7. Mr. S. P. Mehta, learned counsel for the petitioner, submitted at the outset that the petitioner has suffered considerable loss and injustice amounting to virtual miscarriage of justice by its agreement with the company not being approved by the Board under section 80MM of the Act. He submitted that the agreement between GRASIM and the company, which agreement, according to the Board was 'very relevant' for examination of the claim under section 80MM of the Act, could have been easily produced at an earlier stage but was, out of sheer want of due care and caution, not so produced. He further urged that there was, apart from the materials already produced before the Board, considerable other materials and evidence which, if produced before the Board, would further cogently support its claim for approval under section 80MM of the Act. He, therefore, requested that in the interest of justice and to prevent loss and miscarriage of justice, opportunity be given to the petitioner to go to the Board and satisfy it on the petitioner's claim under section 80MM of the Act. The petitioner will produce before the Board not only the 'very relevant' agreement between GRASIM and the company but also all other documents, materials and evidence. Mr. R. J. Joshi, learned counsel for the respondents, stated that having himself seen the materials shown to him by the petitioner's learned counsel, Mr. Mehta, he was not in a position to seriously object to Mr. Mehta's aforesaid request for an opportunity to go to the Board and satisfy the Board qua the petitioner's application for approval of the agreement in question under section 80MM of the Act. He, however, added that this opportunity should be on payment of substantial costs quantified of this petition as condition precedent.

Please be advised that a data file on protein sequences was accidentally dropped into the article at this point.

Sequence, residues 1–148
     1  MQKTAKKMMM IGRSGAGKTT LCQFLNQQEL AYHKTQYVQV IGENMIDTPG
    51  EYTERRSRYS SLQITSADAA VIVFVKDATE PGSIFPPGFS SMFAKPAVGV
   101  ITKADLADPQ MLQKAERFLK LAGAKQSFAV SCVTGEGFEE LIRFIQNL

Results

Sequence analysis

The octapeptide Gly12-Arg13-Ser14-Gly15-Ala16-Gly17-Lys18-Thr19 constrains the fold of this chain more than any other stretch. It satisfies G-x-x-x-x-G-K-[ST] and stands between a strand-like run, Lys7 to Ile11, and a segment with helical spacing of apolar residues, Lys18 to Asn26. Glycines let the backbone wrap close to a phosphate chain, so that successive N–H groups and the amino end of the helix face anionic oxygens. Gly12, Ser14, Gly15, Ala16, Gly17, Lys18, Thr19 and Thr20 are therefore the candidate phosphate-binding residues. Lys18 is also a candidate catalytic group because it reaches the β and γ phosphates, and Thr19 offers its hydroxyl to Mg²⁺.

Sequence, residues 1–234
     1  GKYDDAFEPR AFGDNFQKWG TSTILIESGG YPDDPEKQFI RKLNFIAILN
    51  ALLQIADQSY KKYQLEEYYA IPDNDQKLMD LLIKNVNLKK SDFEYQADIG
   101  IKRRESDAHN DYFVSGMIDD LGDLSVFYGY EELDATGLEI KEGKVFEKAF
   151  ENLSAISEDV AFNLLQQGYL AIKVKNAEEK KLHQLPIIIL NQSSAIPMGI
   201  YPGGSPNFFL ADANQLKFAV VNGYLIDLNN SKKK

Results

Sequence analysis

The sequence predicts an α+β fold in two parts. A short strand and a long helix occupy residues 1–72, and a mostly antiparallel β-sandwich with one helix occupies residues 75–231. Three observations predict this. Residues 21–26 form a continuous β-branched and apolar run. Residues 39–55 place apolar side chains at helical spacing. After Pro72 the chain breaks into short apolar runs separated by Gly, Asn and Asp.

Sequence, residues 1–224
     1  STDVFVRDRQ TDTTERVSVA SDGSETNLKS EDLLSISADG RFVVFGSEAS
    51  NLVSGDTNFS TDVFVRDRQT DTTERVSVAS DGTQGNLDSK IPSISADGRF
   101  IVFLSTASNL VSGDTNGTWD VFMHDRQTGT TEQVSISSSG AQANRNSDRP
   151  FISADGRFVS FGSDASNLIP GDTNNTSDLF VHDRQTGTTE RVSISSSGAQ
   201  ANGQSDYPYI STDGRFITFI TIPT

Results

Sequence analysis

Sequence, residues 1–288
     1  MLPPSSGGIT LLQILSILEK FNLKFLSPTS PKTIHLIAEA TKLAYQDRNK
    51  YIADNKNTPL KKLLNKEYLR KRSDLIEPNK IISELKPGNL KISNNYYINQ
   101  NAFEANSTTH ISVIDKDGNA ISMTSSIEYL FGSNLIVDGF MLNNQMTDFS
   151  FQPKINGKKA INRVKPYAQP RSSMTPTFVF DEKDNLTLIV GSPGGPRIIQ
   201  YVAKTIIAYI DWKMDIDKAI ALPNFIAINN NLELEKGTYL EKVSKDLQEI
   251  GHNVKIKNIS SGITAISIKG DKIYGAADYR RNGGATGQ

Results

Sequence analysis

8. Now, the petitioner's application dated May 14, 1976 (exhibit E), has not been rejected in limine. Indeed, the Board did entertain the same. It also received further materials. It also held meetings and had discussions. The point to be noted is that the petitioner's claim for approval under section 80MM of the Act was being heard and considered on merits almost or virtually afresh. Having decided to do so, the Board would then have been justified in granting to the petitioner full opportunity of producing all such agreements, materials, data and evidence as the petitioner was advised. It would then have been also more appropriate not to reject the claim, inter alia, on the ground that materials now produced have not been produced earlier. Besides, proceedings having been in fact reopened, there was then no good reason why other agreements and documents, apparently genuine and pre-existing during the original enquiry itself, should be excluded from consideration. When a case for reconsideration appeared to have been otherwise made out and when the process of reconsideration had in fact been initiated, then justice required reconsideration of all aspects on the basis of materials, documents and evidence irrespective of whether the same or had not been produced earlier. Once the door for reconsideration consideration afresh was opened, it would then be in all fairness to permit the petitioner to produce all such agreements, documents, materials evidence as would, according to the petitioner, aid and help its claim approval under section 80MM of the Act.